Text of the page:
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Photo: Association for a More Just Society
Journalists gather for press conference about intimidation.
Photo by Association for a More Just Society

An Association for a More Just Society (AJS) staff member awoke one morning recently in Honduras to find an anonymous note slipped under his gate. “You’re going to pay,” it said.

It was only the latest in a series of intimidation tactics that have been used against members of a new, three-member commission that is weeding out police corruption in Honduras.

Two commission members are connected to AJS, a social-justice organization in Honduras co-founded by a Calvin College sociologist and recommended for support by the Christian Reformed Church in North America.

“No one is surprised that this is happening, although we had hoped and prayed it wouldn’t happen,” said Rick Bandstra, the volunteer director of AJS in the United States.

“People in positions of power are being threatened, and they are resorting to this type of intimidation.”

For the past several years, AJS has fought for better health care and education, land rights, and protection for victims of sexual violence in Honduras.

The organization has also been advocating to wipe out corruption in the 14,000-member Honduran National Police Force. As a result, leaders of AJS were gratified when two of its members were named in April to what is called the Special Commission for the Purging and Transformation of the Police Force.

The commission was formed by the Honduran president and other lawmakers following media accounts of high-ranking police involvement in the assassination seven years ago of the head of the drug enforcement agency in Honduras.

Since it began its work, the commission has been meeting nearly every day. So far, it has investigated 272 top-level police officers and has removed 106.

In the meantime, intimidation has increased. For instance, a truck with tinted windows and no plates was seen trailing a commissioner’s family for miles, said Bandstra.

Similar trucks, he said, were seen driving around the neighborhoods of commission members, and people have been asking neighbors about the members’ habits—when they left for the day, and when they returned home.

“Certainly, this is scary when it happens to you,” said Bandstra.”But addressing the issue of police corruption has been on our minds and in our plans, which is why we have been speaking out about this.”

The high level of threat has forced several members of the commission and family members to leave their homes and move to more secure locations. They have been assigned multiple armed bodyguards and bulletproof vehicles. Armed guards stand outside of the AJS office.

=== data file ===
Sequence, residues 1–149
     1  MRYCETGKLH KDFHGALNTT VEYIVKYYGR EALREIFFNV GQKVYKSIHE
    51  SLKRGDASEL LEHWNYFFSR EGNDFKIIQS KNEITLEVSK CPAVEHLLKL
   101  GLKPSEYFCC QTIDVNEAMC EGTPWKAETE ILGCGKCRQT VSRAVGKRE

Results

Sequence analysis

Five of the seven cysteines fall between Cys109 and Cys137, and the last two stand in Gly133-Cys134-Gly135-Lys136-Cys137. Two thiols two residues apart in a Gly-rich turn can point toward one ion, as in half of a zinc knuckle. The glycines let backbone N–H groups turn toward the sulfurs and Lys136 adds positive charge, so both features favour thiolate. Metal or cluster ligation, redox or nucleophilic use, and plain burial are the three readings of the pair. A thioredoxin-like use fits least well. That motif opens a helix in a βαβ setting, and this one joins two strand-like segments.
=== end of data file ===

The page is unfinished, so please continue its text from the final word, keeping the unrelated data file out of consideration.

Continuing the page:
In a statement, the AJS leadership said, “We may be scared, but we will not be intimidated, because we know who walks alongside us. God planted this zeal and longing for justice in our hearts, and we know he will accompany us in our work to see it accomplished.”

Omar Rivera, director of advocacy for AJS, is a member of the commission, as is Pastor Alberto Solórzano, president of the Coalition of Honduran Evangelical Churches and a board member of AJS. Carlos Hernandez, AJS president, and board member Jorge Machado act as alternates.

“More than anything, the increasing intensity of the backlash shows us that we are closer than we have ever been to eliminating corruption in the police force,” says the statement from AJS leaders.

As it becomes clear that the commission is making inroads in fighting corruption in Honduras, it is important for the international community to offer prayer and show its support for AJS, said Peter VanderMeulen, coordinator of the CRC’s Office of Social Justice.

“The forces of corruption and degradation need to know that if they threaten justice workers in Honduras, they threaten all of us—and their actions will have international consequences,” he said.

VanderMeulen asks members of the CRC and others to “demonstrate a willingness to advocate in Canada and the U.S. for strong international consequences for crimes against those who work for social justice and human rights.”

“If loving our neighbor means anything, it means having her back when she fights evil and seeks the restoration of justice,” said VanderMeulen.

AJS is asking people to pray

  • for protection for the members of this commission and their families in the face of these tangible threats.
  • that God would calm any fear in the hearts of commission members and AJS staff, and empower them to be brave Christians in this difficult task.
  • for an investigation into the threatening acts that commission members have experienced, and that those who are threatening the work would not enjoy impunity.

“We ask that you partner with us, pray with us, and dream with us of a reality in which the police help, and do not hurt, the Honduran people—a reality that, with our work in purging the police, is looking every day more like reality,” says the statement from AJS leaders.

Click here for more information on the commission’s investigation in Honduras.